Young women console each other during a community vigil to honor the victims and survivors of yesterday's fatal shooting at the STEM School Highlands Ranch, Wednesday, May 8, 2019, in Highlands Ranch, Colo. (AP Photo/David Zalubowski)
Display grows outside the STEM School Highlands Ranch a week after the attack on the school that left one student dead and others injured Tuesday, May 14, 2019, in Highlands Ranch, Colo. (AP Photo/David Zalubowski)
Attendees illuminate their mobile telephones during a community vigil to honor the victims and survivors of yesterday's fatal shooting at the STEM School Highlands Ranch, late Wednesday, May 8, 2019, in Highlands Ranch, Colo. (AP Photo/David Zalubowski)
RETRANSMIT WITH ALTERNATE CROP Officials guide students off a bus and into a recreation center where they were reunited with their parents after a shooting at a suburban Denver middle school Tuesday, May 7, 2019, in Highlands Ranch, Colo. (AP Photo/David Zalubowski)
Parents gather in a circle to pray at a recreation center where students were reunited with their parents after a shooting at a suburban Denver middle school Tuesday, May 7, 2019, in Highlands Ranch, Colo. (AP Photo/David Zalubowski)
A parent leaves the recreation center where students were reunited with their parents after a shooting at a suburban Denver middle school Tuesday, May 7, 2019, in Highlands Ranch, Colo. (AP Photo/David Zalubowski)
Douglas County Sheriff Tony Spurlock, right, confers with Colorado Gov. Jared Polis during a news conference on Tuesday's shooting at a charter school, Wednesday, May 8, 2019, in Highlands Ranch, Colo. (AP Photo/David Zalubowski)
A Douglas County, Colo., Sheriff's Department deputy walks the perimeter of the parking lot outside the STEM School Highlands Ranch after a shooting Tuesday, May 7, 2019, in Highlands Ranch, Colo. (AP Photo/David Zalubowski)
A Douglas County, Colo., Sheriff's Department vehicle blocks the entrance to the west parking lot of the STEM School Highlands Ranch after a shooting Tuesday, May 7, 2019, in Highlands Ranch, Colo. (AP Photo/David Zalubowski)
School buses arrive at a recreation center set up for students to get reunited with their parents after a shooting at a suburban Denver middle school Tuesday, May 7, 2019, in Highlands Ranch, Colo. (AP Photo/David Zalubowski)
A parent leaves with a child from the recreation center where students were reunited with their parents after a shooting at a suburban Denver middle school Tuesday, May 7, 2019, in Highlands Ranch, Colo. (AP Photo/David Zalubowski)
Fire and police gather at the recreation center where students were reunited with their parents after a shooting at a suburban Denver middle school Tuesday, May 7, 2019, in Highlands Ranch, Colo. (AP Photo/David Zalubowski)
Parents leave a recreation center with their child where students were reunited with their parents after a shooting at a suburban Denver middle school Tuesday, May 7, 2019, in Highlands Ranch, Colo. (AP Photo/David Zalubowski)
Parents hug as they wait for the arrival of their children at the recreation center where the students were reunited with their parents Tuesday, May 7, 2019, in Highlands Ranch, Colo. (AP Photo/David Zalubowski)
Students step off a bus and head into a recreation center where they were reunited with their parents after a shooting at a suburban Denver middle school Tuesday, May 7, 2019, in Highlands Ranch, Colo. (AP Photo/David Zalubowski)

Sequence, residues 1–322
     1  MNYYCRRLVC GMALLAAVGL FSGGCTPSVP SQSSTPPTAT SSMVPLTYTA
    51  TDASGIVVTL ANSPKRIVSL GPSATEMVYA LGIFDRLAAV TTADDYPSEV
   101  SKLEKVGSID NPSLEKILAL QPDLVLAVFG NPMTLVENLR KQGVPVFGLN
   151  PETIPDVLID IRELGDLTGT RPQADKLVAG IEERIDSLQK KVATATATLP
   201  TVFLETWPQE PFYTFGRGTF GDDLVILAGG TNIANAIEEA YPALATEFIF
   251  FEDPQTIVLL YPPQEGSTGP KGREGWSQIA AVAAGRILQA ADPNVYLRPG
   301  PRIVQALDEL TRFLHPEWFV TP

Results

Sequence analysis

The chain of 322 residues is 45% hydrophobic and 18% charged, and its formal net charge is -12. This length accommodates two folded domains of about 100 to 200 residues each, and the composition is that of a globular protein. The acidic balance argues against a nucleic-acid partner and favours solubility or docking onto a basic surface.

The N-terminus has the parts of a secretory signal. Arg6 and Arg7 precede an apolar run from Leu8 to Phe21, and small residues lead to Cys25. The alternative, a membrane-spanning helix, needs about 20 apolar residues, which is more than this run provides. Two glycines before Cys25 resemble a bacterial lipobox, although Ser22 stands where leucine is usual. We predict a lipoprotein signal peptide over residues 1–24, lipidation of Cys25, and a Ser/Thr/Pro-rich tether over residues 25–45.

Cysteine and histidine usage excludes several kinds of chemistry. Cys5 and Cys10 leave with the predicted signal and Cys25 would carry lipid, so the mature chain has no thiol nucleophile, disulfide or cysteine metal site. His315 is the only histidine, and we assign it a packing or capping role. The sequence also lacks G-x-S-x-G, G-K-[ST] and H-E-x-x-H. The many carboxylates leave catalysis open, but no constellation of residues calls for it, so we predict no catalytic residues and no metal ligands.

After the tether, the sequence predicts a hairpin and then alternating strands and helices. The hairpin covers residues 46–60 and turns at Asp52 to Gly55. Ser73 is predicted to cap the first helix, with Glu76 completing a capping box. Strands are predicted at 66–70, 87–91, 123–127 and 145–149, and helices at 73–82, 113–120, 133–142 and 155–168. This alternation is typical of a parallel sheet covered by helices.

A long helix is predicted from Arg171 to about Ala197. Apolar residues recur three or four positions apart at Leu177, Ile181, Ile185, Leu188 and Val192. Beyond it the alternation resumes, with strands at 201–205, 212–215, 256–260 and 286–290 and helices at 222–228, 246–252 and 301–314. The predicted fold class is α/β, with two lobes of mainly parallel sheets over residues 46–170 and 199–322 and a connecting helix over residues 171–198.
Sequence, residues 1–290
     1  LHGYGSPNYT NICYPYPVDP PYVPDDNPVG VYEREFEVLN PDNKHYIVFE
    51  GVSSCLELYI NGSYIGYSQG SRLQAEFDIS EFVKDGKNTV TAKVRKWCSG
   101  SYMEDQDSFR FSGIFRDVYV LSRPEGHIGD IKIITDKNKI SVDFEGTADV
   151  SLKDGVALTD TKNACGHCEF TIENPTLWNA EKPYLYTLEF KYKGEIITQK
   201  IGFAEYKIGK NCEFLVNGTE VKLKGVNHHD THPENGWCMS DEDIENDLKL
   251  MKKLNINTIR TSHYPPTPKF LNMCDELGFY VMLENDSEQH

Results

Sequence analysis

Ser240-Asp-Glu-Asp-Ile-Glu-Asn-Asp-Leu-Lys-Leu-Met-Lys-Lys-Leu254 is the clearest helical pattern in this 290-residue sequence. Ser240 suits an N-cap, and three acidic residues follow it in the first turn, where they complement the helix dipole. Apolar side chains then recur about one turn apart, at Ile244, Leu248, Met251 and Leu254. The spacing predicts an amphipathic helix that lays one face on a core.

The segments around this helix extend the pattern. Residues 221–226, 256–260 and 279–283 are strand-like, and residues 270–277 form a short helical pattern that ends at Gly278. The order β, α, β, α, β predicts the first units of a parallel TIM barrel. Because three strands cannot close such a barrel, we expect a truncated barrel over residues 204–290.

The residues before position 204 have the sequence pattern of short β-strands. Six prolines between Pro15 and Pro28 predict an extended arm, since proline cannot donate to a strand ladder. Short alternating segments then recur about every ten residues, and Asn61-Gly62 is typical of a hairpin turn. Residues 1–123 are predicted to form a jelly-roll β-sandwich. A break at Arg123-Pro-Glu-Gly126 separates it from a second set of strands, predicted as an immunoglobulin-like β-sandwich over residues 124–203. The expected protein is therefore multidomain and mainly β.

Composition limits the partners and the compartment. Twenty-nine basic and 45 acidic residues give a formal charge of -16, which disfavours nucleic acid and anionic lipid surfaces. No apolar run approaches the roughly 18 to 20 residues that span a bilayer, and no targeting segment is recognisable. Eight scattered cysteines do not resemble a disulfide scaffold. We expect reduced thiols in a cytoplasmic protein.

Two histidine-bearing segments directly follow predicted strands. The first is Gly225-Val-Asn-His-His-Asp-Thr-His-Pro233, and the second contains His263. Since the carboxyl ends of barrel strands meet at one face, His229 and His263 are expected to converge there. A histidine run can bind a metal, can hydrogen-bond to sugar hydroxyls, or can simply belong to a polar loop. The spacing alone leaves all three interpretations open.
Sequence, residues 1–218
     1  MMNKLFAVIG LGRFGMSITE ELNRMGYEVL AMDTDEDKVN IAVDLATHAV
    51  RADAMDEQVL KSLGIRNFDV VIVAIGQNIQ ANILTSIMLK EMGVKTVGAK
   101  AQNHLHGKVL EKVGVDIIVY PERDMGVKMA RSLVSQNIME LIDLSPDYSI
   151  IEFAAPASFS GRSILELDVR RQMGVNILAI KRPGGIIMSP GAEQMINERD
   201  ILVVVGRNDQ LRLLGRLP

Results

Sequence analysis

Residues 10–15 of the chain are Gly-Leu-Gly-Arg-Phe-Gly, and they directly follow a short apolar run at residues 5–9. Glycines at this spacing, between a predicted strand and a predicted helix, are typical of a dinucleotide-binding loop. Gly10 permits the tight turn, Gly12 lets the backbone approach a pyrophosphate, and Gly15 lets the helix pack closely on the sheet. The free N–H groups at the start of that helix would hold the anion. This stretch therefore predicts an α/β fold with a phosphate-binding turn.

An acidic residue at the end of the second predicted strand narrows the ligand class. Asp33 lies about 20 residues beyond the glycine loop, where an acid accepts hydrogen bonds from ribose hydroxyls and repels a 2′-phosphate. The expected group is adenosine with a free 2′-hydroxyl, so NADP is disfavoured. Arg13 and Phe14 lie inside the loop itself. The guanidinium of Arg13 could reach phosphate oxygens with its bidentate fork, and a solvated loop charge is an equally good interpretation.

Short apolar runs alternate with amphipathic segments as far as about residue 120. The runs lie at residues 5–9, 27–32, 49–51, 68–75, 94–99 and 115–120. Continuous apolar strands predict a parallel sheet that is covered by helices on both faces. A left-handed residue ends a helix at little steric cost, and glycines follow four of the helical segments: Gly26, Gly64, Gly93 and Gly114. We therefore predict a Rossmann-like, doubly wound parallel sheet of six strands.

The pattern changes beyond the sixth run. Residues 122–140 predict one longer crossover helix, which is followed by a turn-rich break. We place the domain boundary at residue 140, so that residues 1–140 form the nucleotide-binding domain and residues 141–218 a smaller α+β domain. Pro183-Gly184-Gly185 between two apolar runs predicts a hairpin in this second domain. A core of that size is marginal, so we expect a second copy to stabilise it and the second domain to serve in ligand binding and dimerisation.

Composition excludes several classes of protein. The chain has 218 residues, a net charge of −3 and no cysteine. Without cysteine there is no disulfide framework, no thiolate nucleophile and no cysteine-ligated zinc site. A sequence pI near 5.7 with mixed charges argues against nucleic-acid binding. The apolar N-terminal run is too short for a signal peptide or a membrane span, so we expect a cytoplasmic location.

Students are led from a bus into a recreation center where they were reunited with their parents after a shooting at a suburban Denver middle school Tuesday, May 7, 2019, in Highlands Ranch, Colo. (AP Photo/David Zalubowski)
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Documents obtained by NBC affiliate KUSA show that a parent warned school officials of "a repeat of Columbine" months before shots were fired Tuesday afternoon.

In December 2018, a school district director sent a letter to Highlands Ranch executive director Penny Eucker saying a district official had received an anonymous call from a Highlands Ranch parent expressing concerns about the school and accusing administrators of a wide range of misconduct.

The parent said the school suffered from "an extremely high drug culture," "student violence due to a high pressure environment," the letter said. The parent also reported bullying, "safety issues," instances of sexual assault, and a recent bomb threat.

"The individual called it 'the perfect storm' - 'group think' and students ... are susceptible to 'copy-catting,'" the letter said. "The individual expressed concerns about a repeat of Columbine or Arapahoe."

Twelve students and a teacher were killed in the Columbine High School shooting on April 20, 1999, before the two gunmen killed themselves, and one student died after the shooting at Arapahoe High School on Dec. 13, 2013. That shooter also turned the gun on himself.

The parent said school officials had ignored her concerns. She also alleged that students had learned to build a bomb in school, students had smeared feces on the walls and were forced to clean it up with no gloves, and accused a teacher of hitting a student. The parent also asked for a financial audit at the school alleging that "money is being sent to China and Mexico," the letter said.

Highlands Ranch parents were notified in February of some accusations made during the call, a letter from Eucker and a member of the school board showed.

"These outrageous accusations of criminal behavior of our outstanding and dedicated volunteer board threatens their very professions. An investigation by STEM Board and staff leadership revealed no evidence of these allegations,” the letter said.

The school filed a lawsuit, denying all of the allegations and accusing the parent caller of slander and invasion of privacy. The lawsuit sought to issue a subpoena for phone records that would reveal the identity of the caller.

STEM School Highlands Ranch officials, district officials and Eucker did not immediately respond to requests for comment on the letters and lawsuit in the wake of Tuesday's shooting.